A bill that would loosen regulations of high-capacity wells passed a divided Assembly on a 62-35 vote, over a little more than two hours of Dem protests.
The state Senate last month signed off on the bill 19-13, under which DNR would not review the impact of existing wells when they are replaced or the property is sold. Today’s passage in the Assembly sends the bill to Gov. Scott Walker’s desk.
Dems lined up in opposition to the legislation, including Rep. Deb Kolste, D-Janesville, who said while the bill provides certainty to farmers to ensure they’ll “get water forever,” the state’s residents “need a plan that takes all water users into account.”
And Rep. Cory Mason blasted what he calls the “Western water rights style” that he said pits farmers against other residents.
The Racine Dem also drew a comparison of denying the connection between high capacity wells and declining water levels with denying the connection between science and climate change, as he criticized a provision of the bill that calls for a study that he said punts the problem down the road.
“These are real problems that we are facing and we have to come up with real solutions,” he said.
But GOP Rep. Scott Krug, who represents the Central Sands region that is at the heart of the debate, said while Dems are right in that “there are a ton of studies,” he added that targeted ones are necessary to find “what the solutions are in those areas.”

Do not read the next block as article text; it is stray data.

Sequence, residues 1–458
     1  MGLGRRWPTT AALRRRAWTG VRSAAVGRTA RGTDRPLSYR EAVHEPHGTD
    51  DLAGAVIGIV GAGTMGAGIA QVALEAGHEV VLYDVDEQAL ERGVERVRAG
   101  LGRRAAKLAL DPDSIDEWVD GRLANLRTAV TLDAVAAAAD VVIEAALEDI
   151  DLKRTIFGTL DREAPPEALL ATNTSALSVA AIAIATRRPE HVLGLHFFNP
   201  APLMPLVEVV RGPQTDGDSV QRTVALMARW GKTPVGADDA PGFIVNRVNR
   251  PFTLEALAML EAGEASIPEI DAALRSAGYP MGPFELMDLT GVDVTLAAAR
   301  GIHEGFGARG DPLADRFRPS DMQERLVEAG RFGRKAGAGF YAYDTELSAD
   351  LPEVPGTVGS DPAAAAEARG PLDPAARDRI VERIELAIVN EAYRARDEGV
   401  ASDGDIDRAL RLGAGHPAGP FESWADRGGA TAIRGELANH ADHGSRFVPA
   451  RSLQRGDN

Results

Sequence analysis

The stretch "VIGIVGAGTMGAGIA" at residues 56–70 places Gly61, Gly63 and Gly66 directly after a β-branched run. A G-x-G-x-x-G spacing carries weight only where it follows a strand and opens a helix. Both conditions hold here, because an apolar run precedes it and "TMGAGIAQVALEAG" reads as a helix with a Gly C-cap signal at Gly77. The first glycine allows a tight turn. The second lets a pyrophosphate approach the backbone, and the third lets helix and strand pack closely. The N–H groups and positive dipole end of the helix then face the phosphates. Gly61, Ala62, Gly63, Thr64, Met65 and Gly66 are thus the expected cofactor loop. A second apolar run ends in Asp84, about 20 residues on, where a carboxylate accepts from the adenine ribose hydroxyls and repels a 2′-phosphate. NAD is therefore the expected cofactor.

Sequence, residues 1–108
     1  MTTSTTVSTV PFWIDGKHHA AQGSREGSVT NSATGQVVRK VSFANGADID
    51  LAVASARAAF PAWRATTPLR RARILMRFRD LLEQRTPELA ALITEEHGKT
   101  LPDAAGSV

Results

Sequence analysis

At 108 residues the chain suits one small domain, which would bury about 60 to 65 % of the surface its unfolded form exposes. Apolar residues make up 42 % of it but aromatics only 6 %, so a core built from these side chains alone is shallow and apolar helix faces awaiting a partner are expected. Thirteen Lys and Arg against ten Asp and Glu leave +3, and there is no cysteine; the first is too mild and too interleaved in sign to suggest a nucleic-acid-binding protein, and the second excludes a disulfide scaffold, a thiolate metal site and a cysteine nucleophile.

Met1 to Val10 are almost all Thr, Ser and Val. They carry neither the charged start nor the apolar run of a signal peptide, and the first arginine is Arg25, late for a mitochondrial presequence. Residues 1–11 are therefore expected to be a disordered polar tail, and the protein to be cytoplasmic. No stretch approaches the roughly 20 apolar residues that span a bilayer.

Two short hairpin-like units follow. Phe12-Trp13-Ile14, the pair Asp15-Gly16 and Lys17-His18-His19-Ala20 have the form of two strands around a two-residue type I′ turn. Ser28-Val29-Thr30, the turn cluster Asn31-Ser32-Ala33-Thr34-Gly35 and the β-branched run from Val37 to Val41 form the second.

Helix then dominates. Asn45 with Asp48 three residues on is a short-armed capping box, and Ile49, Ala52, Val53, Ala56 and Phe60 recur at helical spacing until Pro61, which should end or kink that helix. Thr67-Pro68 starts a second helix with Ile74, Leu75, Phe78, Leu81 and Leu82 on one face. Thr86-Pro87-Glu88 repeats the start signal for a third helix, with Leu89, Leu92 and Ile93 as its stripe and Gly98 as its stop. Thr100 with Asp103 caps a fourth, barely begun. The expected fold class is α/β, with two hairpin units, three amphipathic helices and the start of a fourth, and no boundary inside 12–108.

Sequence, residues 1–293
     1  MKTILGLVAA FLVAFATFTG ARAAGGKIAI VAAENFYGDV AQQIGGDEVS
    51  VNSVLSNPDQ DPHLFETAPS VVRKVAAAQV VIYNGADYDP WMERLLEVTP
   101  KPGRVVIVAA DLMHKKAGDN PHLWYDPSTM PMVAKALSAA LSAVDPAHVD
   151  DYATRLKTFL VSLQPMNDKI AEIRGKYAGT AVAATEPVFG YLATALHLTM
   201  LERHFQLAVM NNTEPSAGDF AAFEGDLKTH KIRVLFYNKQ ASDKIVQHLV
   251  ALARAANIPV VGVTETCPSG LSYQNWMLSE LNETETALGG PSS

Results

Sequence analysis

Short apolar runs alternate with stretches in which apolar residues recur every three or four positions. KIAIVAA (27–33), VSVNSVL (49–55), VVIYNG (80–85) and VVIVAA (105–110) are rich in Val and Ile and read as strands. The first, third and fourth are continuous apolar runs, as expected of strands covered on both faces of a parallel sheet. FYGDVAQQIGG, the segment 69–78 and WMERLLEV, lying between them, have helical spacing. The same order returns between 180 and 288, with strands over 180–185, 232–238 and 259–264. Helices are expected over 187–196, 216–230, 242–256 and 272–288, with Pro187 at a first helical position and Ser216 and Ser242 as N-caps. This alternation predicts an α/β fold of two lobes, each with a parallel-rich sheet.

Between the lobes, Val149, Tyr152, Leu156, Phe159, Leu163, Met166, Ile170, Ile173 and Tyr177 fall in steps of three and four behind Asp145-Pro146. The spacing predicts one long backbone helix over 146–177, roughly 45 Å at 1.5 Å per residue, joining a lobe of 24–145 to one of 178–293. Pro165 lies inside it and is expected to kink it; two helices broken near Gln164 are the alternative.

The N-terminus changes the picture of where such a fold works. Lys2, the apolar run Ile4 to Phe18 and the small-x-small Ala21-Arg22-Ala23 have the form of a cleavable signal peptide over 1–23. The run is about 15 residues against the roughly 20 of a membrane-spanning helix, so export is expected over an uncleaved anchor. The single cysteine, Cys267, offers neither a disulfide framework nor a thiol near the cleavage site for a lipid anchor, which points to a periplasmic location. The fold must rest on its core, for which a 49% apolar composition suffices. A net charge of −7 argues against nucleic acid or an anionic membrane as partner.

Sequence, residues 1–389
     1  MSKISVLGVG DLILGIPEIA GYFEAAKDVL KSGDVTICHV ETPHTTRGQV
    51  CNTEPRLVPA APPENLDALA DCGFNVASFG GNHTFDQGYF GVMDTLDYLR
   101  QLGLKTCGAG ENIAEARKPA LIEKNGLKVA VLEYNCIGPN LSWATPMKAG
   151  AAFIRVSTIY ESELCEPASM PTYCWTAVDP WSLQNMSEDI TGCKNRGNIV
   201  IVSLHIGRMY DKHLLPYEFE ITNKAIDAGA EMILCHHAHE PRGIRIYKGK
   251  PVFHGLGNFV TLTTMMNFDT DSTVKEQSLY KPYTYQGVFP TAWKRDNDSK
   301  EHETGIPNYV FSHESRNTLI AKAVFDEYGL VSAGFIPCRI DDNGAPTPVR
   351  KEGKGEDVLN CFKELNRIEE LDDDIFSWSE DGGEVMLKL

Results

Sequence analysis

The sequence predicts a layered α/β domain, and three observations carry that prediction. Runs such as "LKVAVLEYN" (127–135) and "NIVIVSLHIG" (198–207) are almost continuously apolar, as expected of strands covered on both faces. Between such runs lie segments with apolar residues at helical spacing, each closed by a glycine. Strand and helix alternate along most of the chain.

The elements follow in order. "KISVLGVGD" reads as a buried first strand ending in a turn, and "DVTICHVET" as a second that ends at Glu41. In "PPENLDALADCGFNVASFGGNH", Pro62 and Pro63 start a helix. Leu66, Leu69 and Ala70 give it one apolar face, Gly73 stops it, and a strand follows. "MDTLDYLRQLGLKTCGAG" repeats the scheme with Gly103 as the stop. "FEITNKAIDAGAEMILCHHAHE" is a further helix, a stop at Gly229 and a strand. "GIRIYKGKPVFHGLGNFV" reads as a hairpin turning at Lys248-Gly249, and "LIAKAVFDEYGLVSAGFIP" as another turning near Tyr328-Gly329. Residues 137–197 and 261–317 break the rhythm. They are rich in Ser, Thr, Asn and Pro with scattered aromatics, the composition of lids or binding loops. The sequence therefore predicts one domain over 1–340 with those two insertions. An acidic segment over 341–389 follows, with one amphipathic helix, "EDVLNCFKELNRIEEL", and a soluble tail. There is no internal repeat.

Meanwhile, Rep. Adam Jarchow called the bill “reasonable” and not controversial.
“If you own something and it’s critically important to your business and it’s broken, then you can fix it,” said Jarchow, R-Balsam Lake.
Before the bill’s passage, Assembly Minority Leader Peter Barca made a motion to send the bill back to the Assembly Agriculture Committee, which previously did not exec on the bill.
The Kenosha Dem criticized the ag committee and the Senate Committee on Labor and Regulatory Reform, which passed the bill by a paper-ballot vote at the end of March, saying that “neither committee did any work” on the legislation.
“This is the least deliberative body that I have ever seen,” Barca said.
Dems also proposed a couple of amendments to the legislation, including one from Mason that would require a 10-year periodic review of the wells, and another from Rep. Katrina Shankland that would require a 30-year periodic review. Both were shot down.